Producing Temperature-Resistant Brackets With 3D Printing
The Nuclear Advanced Manufacturing Research Centre (Nuclear AMRC) is a collaboration of academic and industrial partners from across the nuclear supply chain that conducts research in advanced manufacturing solutions for the civil nuclear industry to help UK manufacturers win work at home and worldwide.
A project the centre has recently worked on aims to develop an autonomous welding solution for the welding of pressure vessels for the nuclear industry. To achieve this, the team had to integrate multiple sensors into the equipment in a hazardous, high-temperature environment.
Learn from Matthew Smart, the projects technical lead at the machining group at Nuclear AMRC, how the team used 3D printing to quickly iterate different designs and produced dozens of parts that withstood the elevated temperatures in close proximity to the welding.
Smart and the research team worked with the AMRC’s open access additive manufacturing station to manufacture the parts they needed. Read our case study to learn how open access to 3D printing can support hundreds of engineers across the site.
Why Welding Vessels Can Take Months in the Nuclear Industry
Current methods for welding pressure vessels require performing frequent hold points for manual inspection that requires cooling down and heating up components multiple times. This results in a lengthy process; welding a large vessel can take months. The Nuclear AMRC’s project aims to cut this lead time by developing an autonomous system that can detect flaws as they happen so the process is only halted if there is an actual flaw.
To analyze the welding process in real time, the researchers’ concept integrates a number of different sensors, such as laser scanners, acoustic monitoring, process monitoring for voltage and current, thermal imaging, and a camera system.
“The mechanical integration of all these different sensors is a challenge in this hazardous environment. We need to test different setups and orientations to find out where all the sensors are going to be. But we need to be very flexible in how we test and use the equipment because it's very expensive to book time on this machine,” Smart said.
Rapidly Iterating Sensor Configurations and Mounting Strategy With 3D Printing
The current sensor setup contains about a dozen different 3D printed parts, mainly washers that hold brackets together and a mounting system for the acoustic microphones. All of these parts have to be able to withstand the elevated temperatures in close proximity to the welding.
Formlabs High Temp Resin offers a heat deflection temperature (HDT) of 238 °C @ 0.45 MPa, making it ideal for parts that require high temperature resistance.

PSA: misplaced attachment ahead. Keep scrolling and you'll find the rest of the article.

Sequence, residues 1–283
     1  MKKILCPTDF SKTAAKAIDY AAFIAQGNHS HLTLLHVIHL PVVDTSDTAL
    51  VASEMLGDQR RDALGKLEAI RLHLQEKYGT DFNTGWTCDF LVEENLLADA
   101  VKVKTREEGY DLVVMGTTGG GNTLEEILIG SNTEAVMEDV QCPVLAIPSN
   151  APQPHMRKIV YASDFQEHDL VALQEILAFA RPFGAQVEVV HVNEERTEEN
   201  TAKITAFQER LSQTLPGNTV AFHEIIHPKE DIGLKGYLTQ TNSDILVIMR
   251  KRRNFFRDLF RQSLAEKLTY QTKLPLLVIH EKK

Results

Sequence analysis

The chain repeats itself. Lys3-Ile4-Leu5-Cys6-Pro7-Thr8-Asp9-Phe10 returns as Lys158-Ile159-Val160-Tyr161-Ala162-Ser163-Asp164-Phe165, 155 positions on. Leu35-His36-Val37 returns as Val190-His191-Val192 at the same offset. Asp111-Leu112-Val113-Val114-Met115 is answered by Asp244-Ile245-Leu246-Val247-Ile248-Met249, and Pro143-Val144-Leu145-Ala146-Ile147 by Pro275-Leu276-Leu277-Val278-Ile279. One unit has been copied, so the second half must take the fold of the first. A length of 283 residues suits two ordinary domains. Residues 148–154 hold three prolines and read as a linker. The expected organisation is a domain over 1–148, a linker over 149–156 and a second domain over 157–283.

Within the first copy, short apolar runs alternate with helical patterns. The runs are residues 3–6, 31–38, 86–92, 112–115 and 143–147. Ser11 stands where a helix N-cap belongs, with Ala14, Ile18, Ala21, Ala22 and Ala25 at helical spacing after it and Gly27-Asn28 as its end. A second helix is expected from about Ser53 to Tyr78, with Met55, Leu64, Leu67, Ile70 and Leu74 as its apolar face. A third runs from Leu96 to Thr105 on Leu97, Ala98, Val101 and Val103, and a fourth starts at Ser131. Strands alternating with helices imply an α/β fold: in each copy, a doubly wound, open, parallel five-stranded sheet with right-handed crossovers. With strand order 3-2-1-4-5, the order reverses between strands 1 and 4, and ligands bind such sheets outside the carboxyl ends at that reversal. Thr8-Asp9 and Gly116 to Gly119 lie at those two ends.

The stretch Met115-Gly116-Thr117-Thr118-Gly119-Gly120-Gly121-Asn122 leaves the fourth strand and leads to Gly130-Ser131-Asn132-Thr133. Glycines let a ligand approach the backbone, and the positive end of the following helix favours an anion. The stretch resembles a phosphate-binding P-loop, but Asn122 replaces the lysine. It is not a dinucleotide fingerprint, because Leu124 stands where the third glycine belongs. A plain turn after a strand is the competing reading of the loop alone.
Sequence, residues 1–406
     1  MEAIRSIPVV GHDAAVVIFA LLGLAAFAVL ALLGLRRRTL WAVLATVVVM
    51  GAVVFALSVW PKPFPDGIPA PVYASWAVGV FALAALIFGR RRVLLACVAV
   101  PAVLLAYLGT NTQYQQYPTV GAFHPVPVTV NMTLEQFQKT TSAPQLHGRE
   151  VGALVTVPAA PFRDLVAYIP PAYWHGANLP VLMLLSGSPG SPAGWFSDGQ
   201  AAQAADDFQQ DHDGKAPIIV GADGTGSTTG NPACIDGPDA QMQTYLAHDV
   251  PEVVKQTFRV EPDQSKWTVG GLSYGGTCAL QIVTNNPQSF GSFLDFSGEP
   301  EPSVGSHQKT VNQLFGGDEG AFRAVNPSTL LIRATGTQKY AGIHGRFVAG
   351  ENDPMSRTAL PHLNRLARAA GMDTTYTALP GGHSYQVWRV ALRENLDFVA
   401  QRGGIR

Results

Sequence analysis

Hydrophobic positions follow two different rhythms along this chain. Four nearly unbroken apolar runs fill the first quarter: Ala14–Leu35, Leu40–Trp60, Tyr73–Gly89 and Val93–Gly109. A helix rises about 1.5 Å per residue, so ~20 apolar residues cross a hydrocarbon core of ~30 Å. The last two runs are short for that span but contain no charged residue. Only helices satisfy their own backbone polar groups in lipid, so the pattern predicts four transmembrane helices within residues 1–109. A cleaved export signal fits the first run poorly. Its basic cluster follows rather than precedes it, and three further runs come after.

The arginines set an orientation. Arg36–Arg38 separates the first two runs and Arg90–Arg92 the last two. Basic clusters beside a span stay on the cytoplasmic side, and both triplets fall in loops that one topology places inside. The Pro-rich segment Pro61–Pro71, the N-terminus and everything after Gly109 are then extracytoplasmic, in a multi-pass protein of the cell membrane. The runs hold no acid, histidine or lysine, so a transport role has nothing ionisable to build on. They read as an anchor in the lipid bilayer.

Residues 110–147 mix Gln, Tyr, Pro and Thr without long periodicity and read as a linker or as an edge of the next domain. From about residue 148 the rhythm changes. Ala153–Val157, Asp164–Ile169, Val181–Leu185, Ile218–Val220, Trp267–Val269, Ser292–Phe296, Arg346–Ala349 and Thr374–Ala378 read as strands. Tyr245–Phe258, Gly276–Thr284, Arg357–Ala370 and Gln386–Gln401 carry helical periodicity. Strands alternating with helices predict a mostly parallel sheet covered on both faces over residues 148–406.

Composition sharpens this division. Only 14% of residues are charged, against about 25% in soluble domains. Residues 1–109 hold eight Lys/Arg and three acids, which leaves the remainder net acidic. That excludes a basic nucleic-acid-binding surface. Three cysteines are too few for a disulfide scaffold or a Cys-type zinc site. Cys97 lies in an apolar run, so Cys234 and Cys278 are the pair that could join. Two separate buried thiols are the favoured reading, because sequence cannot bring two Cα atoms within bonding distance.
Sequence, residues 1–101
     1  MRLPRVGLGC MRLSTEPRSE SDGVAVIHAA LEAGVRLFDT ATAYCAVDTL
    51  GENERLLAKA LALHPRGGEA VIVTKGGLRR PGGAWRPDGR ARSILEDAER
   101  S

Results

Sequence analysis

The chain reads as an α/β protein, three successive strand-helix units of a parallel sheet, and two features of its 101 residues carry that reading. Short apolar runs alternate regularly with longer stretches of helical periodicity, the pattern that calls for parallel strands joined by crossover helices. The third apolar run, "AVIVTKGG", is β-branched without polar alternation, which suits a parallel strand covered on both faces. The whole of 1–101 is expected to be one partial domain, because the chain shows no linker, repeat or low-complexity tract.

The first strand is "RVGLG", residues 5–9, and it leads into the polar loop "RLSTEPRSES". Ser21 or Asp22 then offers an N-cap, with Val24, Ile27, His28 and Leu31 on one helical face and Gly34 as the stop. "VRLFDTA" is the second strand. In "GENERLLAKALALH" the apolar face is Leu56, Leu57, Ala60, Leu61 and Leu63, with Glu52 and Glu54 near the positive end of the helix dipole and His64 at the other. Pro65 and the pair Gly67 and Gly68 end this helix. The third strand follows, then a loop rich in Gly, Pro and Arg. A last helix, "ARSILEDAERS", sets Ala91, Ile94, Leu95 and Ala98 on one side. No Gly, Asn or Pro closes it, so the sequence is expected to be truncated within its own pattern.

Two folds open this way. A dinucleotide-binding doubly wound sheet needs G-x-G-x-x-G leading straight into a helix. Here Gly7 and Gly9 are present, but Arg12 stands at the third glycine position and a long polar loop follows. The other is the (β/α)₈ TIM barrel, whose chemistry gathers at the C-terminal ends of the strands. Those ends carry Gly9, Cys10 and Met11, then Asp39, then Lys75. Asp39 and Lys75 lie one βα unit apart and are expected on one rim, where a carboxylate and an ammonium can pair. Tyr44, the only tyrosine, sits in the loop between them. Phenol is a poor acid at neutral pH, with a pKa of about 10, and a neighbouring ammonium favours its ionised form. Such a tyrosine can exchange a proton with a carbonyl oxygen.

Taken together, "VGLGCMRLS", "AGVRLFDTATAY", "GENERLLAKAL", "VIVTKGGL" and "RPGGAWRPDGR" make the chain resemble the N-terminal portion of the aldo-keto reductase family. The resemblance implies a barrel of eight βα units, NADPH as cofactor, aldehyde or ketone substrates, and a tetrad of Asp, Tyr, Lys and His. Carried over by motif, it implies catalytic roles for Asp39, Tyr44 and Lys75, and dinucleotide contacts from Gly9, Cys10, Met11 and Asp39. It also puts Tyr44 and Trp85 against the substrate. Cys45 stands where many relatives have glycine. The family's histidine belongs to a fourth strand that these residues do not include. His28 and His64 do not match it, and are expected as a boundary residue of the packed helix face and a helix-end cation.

“If we had to make these parts through a traditional method, we would have had to be a lot more arduous in the design process in terms of capturing the requirements and fully locking down all of the exact tolerances before we fabricated the parts. Being able to 3D print the brackets means that we can go by a bit of trial and error, print multiple versions with different tolerances and test different orientations and sizes. It means that we can be a lot more innovative and test things much more quickly,” Smart said.
Being able to use 3D printing to rapidly test the different sensor configurations and mounting strategy let the team be very versatile and significantly reduced cost and time to get the parts fabricated.
“We would be talking about days of engineering time to get all the paperwork, sort the material, do design work, and subcontract a company, versus a couple of hours on a CAD program and then the cost of the plastic. It's fractional compared to doing it traditionally,” Smart said.
“You can't really quantify the agility of it, because it just lets you test and iterate much more. Let’s say if you sent a design for fabrication and it wasn't fit for purpose, you'd have to go through that again, so we'd be talking about weeks to go from testing one prototype to another. With 3D printing, it's two days. The pace of innovation is unquantifiable.”
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Using an Internal 3D Printing Station to Cut Lead Time
Smart worked with the Design and Prototyping Group at the AMRC to produce the 3D printed parts. The group recently installed a new additive manufacturing station with a fleet of 12 Form 2 stereolithography (SLA) 3D printers that provides open access to 3D printing to all engineers across the site.
“We work quite closely with the design group. They've been very forward in getting us involved and showing us what's achievable and available in terms of the equipment and how you can optimize the design to make it a quick and easy build with the 3D printers. Having that accessibility and knowledge of the capability is vital to be able to use it within the research group,” Smart said.
“If there wasn't [a 3D printing station], I would have been aware of the technology, but I wouldn't have known anything about the capabilities and how you go about designing something for us to manufacture. I've actually been trained on some of the machines, and being able to have free access to send components down there to be made is incredibly useful,” Smart said.
Explore How a 3D Printing Station Supports Hundreds of Engineers at AMRC
Learn about the 3D printing station at the AMRC and see other applications like batch 3D printing of 500 high-precision drilling caps for drilling trials for Airbus, highly intricate brackets for a robot gripper in composites manufacturing, and custom filament winding rollers for composites manufacturing.
Want to learn more about the printers and technology behind the AMRC’s 3D printing station? Explore Formlabs latest SLA 3D printers, the Form 3 and the large format Form 3L, and Formlabs collection of engineering resins for your own project, or request a free sample 3D printed part to see materials firsthand.